A 40-year-old man presents to the emergency department with a fever two weeks after traveling from Nigeria. On initial evaluation, he has a generalized tonic-clonic seizure. Vital signs are BP 90/60, HR 110, RR 22, oxygen saturation 92% on room air, and T 102°F. Which of the following organisms is most likely to be found on peripheral blood smear?

A) Plasmodium falciparum

B) Plasmodium malariae

C) Plasmodium ovale

D) Plasmodium vivax 

 

 

 

 

Answer: A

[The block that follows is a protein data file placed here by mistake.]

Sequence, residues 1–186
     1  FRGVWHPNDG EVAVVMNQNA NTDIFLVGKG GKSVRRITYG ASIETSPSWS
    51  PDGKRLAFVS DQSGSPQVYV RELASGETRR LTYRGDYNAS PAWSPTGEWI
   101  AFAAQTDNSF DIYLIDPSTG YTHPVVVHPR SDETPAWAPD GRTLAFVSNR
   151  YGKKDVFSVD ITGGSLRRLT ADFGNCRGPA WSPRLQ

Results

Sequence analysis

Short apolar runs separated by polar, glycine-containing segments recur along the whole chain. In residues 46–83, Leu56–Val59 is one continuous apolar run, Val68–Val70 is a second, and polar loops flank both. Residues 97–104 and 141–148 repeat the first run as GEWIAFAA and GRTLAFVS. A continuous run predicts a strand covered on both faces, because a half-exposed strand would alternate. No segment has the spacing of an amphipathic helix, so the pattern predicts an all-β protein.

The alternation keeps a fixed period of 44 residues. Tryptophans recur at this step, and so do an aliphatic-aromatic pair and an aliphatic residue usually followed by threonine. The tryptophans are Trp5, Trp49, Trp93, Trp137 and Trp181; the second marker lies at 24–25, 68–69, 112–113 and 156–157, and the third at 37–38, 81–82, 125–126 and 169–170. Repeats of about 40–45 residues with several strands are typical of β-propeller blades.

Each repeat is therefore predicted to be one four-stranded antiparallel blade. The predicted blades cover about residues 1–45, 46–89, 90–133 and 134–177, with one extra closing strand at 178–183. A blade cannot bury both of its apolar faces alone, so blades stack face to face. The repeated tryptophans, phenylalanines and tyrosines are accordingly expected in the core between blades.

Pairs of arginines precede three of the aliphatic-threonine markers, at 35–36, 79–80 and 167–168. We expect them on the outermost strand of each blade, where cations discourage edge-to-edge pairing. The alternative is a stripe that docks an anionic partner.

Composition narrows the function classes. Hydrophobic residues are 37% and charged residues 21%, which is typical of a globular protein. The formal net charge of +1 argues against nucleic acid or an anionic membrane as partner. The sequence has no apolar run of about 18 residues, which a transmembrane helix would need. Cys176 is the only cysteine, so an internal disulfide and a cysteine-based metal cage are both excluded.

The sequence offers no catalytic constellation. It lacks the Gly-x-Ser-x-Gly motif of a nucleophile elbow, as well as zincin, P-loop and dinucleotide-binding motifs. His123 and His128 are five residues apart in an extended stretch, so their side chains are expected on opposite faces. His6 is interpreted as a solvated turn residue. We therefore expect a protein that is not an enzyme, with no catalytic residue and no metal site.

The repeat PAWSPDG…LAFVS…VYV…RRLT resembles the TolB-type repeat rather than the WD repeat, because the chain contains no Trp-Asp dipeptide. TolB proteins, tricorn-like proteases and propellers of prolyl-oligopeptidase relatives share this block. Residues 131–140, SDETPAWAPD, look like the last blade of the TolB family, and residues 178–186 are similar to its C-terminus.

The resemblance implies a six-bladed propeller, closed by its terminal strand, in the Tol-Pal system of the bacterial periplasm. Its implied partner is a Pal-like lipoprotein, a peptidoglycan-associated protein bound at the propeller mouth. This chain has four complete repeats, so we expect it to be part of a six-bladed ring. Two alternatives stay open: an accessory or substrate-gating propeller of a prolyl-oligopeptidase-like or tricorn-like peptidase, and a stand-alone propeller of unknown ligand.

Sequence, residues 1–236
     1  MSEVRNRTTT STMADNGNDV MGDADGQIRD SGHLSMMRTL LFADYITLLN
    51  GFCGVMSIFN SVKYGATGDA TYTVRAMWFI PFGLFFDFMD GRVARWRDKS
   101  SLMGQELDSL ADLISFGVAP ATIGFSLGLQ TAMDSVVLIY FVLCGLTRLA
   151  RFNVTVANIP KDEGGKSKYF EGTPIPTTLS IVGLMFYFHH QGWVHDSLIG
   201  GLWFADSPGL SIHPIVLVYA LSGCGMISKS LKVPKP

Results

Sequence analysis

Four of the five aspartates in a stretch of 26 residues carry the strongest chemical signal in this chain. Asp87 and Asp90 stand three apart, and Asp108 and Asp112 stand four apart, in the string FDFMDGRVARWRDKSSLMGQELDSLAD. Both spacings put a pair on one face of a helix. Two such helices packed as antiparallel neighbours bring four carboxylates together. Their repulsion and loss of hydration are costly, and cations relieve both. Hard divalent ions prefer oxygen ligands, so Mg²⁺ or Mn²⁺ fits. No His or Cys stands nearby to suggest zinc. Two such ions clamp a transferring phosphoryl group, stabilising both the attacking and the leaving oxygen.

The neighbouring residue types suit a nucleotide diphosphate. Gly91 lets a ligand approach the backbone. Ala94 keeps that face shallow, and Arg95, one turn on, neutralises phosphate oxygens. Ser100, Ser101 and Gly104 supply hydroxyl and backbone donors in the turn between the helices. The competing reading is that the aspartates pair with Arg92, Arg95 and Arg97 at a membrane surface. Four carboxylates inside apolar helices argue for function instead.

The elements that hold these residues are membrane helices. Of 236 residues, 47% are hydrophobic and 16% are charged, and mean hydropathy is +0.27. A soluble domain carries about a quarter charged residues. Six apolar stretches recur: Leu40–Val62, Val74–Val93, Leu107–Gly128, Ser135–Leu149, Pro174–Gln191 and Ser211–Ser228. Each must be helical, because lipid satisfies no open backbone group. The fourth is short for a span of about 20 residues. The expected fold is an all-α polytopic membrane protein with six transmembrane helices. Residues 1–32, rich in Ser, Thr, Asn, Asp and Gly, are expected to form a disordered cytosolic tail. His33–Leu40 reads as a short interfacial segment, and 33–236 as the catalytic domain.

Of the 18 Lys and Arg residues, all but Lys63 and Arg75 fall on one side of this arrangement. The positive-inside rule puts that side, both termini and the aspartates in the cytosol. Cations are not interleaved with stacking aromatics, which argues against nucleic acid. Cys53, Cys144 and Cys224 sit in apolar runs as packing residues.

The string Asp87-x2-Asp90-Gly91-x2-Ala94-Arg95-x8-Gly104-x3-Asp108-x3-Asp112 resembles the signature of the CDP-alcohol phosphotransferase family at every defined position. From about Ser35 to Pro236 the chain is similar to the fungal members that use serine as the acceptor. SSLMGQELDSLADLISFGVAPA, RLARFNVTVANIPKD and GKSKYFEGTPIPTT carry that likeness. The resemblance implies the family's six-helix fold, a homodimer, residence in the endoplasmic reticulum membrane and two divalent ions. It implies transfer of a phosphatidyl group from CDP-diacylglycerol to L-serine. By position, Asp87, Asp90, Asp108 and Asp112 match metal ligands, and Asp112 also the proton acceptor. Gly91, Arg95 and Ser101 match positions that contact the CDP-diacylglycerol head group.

Malaria is a mosquito-borne parasitic infection caused by Plasmodium vivax, Plasmodium ovale, Plasmodium malariae, Plasmodium knowlesi, and Plasmodium falciparum. The most virulent Plasmodium species is Plasmodium falciparum. Malaria should be suspected in any patient with a fever who has traveled to endemic areas such as South America, Asia, and Africa. Transmission occurs through a bite from an Anopheles mosquito followed by an incubation period of 12 to 35 days before the onset of symptoms. At the end of the incubation period, infected red blood cells rupture, leading to the clinical signs and symptoms. Symptoms of malaria are often nonspecific and include fever, myalgias, cough, nausea, vomiting, abdominal pain, and diarrhea. The clinical manifestations of severe malaria are the result of infected red blood cells adhering to small blood vessels, causing small infarcts, capillary leakage, and organ dysfunction. The signs and symptoms of severe malaria include altered mental status, seizures, acute respiratory distress syndrome, hypotension, metabolic acidosis, renal failure, hepatic failure, coagulopathy, severe anemia, and hypoglycemia. The most severe and complicated forms of malaria are usually due to Plasmodium falciparum. The diagnosis of malaria is made using a thick and thin blood smear. Treatment of severe malaria involves antimalarial therapy with artesunate, quinine, or quinidine.